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I am currently updating and making my recently deceased Uncles 65 convertible road worthy again so that my Aunt may enjoy it. It currently rides on 4 wheel drum brakes and single chamber master cylinder. I would like to convert the fronts to disc and upgrade the master to dual chamber w/power booster. My Aunt has driven modern BMW's for decades and i'm not sure she knows what older brake technology comes along with. If she doesn't feel safe or enjoy the ride she will not use the car and I really want to see this car used and enjoyed. Car currently has 14" steel wheels on it but i'm not against upping to 15" for the right brake package and also increase the tire options. Absolute originality isn't a must but I would like it to appear factory correct when hood is open. The car is a very good quality driver but has had quarter and rocker changed on drivers side so it is no means a trailer queen but a very complete car. Thanks in advance for any input I get from this group
 

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Welcome to the forum. Lots of good options available. Personally I would stick with OEM Kelsey Hayes type front disc system with good friction material like Porterfield R4S pads. Nothing wrong with the 14” wheels other than limited tire selections.

You can get OEM type kits from Chocostang,Opentracker Racing and probably others. Leeds Brakes makes a really good dual reservoir master kit, but you can also buy parts at your local parts store.

if your aunt is accustomed to driving vintage type manual brakes she will feel right at home without the vacuum booster on a Mustang. It isn’t needed at all...regardless of what you have heard or read on the internet.
 

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I had the same issues for the restoration of my mother and step-fathers car. I opted for a power KH disc conversion up front with EBC pads and rebuilt the drums in back. I went with power because my mother is 78 years old and could use the extra help with the pedal. She has no problem stopping the Mustang in short order. If your aunt is younger and in good health manual brakes work fantastic too. CSRP kit
 

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Isn’t the SSBC kit also designed after the factory discs? That’s what I had heard. Anyway, I love my SSBC kit and it was incredibly easy to install.
 

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Without cutting all around the pinch welds and lifting the body off and lowering it back down on a "modern" chassis you'll never get a '65 Mustang to "feel" like a BMW, even an OLD BMW. From a "safety" standpoint a dual-circuit master cylinder IS an improvement but I can tell you that even then, when a failure occurs in one of the brake circuits the total braking performance is very poor and requires a TON of pedal travel, sometimes right down into the carpet.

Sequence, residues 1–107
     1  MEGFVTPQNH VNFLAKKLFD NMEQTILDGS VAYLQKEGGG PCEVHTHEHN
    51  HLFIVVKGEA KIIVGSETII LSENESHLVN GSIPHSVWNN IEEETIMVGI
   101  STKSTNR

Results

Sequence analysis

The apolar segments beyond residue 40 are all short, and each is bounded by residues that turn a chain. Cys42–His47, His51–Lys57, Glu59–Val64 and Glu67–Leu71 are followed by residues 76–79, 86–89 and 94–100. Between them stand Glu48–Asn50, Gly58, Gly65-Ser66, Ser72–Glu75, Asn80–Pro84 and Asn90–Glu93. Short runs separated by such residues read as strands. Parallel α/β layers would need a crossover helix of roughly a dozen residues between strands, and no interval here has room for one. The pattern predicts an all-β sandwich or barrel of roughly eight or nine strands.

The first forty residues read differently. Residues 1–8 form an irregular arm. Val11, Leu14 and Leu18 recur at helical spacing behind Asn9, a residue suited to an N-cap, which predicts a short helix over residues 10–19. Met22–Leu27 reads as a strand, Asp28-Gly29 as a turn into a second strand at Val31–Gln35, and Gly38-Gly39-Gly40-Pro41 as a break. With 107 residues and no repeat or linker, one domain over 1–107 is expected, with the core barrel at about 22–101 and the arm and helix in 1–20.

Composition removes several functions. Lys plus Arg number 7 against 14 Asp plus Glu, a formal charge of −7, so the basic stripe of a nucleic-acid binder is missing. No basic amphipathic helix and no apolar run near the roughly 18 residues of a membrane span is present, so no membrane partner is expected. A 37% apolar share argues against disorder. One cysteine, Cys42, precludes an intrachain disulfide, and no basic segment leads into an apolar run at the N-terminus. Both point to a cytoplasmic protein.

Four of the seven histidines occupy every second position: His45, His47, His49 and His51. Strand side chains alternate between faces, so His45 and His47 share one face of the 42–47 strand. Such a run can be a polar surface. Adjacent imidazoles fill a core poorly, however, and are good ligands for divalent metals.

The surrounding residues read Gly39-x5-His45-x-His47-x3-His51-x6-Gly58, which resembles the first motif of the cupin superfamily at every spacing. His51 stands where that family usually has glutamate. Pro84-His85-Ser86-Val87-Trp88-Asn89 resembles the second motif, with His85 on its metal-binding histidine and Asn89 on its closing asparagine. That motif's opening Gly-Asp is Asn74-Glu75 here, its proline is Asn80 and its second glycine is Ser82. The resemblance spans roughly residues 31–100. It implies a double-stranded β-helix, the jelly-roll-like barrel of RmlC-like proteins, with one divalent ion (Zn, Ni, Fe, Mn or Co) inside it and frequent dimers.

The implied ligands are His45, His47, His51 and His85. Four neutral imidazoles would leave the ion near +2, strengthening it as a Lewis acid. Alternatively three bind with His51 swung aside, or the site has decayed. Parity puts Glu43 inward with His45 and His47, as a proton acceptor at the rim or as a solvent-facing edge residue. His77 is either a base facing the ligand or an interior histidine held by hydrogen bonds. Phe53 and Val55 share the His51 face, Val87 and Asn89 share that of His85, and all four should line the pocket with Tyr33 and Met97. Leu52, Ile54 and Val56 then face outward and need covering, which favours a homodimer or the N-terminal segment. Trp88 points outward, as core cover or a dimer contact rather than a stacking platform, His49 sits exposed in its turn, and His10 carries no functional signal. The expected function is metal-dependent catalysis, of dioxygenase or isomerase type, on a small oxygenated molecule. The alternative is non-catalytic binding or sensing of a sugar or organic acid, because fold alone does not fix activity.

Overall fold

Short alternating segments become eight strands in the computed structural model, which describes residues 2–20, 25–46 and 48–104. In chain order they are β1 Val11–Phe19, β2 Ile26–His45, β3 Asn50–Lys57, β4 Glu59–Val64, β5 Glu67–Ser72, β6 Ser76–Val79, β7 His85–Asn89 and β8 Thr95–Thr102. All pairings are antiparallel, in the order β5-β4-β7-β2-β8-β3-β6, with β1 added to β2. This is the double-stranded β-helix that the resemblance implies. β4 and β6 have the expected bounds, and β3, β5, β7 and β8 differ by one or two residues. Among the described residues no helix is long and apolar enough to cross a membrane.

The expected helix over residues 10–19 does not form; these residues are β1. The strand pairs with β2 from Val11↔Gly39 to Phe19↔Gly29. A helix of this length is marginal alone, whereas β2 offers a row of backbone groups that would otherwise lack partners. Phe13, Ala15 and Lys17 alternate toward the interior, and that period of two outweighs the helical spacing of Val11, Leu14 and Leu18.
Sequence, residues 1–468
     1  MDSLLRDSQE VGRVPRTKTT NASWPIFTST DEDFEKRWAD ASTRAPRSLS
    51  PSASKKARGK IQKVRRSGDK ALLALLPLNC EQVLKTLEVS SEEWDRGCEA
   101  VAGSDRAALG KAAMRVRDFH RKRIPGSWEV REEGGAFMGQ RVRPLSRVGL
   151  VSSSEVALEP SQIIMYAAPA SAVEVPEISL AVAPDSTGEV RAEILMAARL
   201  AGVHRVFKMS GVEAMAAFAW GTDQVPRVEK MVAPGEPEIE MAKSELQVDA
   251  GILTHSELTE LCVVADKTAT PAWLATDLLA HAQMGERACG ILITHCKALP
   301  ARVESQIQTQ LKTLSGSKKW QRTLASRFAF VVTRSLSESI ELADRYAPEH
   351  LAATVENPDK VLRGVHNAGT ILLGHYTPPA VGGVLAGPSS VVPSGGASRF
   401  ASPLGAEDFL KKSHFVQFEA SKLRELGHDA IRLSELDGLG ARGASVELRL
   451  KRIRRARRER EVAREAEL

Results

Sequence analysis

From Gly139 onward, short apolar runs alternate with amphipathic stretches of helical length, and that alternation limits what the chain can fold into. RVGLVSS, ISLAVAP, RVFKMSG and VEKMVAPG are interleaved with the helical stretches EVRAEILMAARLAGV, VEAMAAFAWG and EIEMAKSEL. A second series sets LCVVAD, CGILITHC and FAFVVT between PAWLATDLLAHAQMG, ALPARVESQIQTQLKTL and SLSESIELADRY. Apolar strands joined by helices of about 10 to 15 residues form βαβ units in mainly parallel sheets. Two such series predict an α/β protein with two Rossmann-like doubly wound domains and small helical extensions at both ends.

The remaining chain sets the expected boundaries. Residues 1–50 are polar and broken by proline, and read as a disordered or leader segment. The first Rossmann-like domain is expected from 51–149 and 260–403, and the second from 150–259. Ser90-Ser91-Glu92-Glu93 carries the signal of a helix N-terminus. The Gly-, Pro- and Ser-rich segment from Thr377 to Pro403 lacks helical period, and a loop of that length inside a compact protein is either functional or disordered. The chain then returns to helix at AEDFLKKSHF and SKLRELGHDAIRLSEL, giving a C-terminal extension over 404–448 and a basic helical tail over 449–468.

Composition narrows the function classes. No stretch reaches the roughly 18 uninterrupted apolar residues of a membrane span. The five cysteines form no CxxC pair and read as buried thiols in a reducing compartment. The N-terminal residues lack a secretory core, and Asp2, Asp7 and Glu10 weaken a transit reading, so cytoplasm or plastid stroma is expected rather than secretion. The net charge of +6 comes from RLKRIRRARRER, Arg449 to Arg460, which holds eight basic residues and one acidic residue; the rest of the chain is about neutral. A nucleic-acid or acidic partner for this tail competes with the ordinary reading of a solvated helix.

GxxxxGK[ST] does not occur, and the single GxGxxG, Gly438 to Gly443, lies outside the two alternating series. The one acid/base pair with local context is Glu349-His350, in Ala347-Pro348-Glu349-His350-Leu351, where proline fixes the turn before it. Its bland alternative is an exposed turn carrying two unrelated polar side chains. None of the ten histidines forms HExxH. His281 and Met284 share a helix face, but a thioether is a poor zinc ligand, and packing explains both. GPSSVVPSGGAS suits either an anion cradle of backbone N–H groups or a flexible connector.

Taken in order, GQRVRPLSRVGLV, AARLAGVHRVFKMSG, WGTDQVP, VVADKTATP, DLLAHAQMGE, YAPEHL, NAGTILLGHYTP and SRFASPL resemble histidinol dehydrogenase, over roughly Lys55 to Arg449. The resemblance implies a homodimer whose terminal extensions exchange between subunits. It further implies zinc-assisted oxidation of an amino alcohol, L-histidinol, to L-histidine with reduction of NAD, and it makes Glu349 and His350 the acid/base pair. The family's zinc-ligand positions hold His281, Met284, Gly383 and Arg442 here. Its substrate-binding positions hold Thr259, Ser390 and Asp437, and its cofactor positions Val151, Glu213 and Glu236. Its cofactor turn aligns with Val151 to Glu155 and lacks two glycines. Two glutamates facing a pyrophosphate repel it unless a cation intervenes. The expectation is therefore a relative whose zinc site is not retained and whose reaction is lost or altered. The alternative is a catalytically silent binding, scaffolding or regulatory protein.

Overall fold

Thankfully, on well-maintained vehicles, such catastrophic failures are a rarity. When was the last time you had one? Now think of the chances on a car that will never see salted highways, etc. A power booster can also be easily added but I have found that the performance of a properly adjusted 4-wheel drum system requires comparable brake pedal effort to many new 4-wheel disc systems. Four-wheel drums with their leading/trailing shoe and cam design are "self-energizing" and the small amount of pressure needed to move the shoes out to the spinning drum is then multiplied by their rotation.

You don't say where she's from but if she's not towing a trailer with it or traversing the Sierra Nevada on a daily basis then fade shouldn't be an issue and the "water hazard" of drum brakes only applies when driving through standing water deep enough to submerge the bottom of the drum(s) and then can easily be avoided by riding the brake pedal through the puddles.

I'd suggest you check over and ensure the brake system is "up to snuff" from a mechanical standpoint (lines, hoses, wheel cylinders... properly lubricated and adjusted) and let her try driving for a bit and see how she likes it. My guess is that she'll be less concerned with the braking than she will be with the handling/steering and the ride/seat springs. If she thinks she needs less pedal effort then you can easily install a dual-circuit master/booster unit. If not, then just the dual-circuit master.

As for the definition of "modern braking systems", both the caliper-applied disc brake and expanding shoe drum brake were patented in 1902....
 

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Isn’t the SSBC kit also designed after the factory discs? That’s what I had heard. Anyway, I love my SSBC kit and it was incredibly easy to install.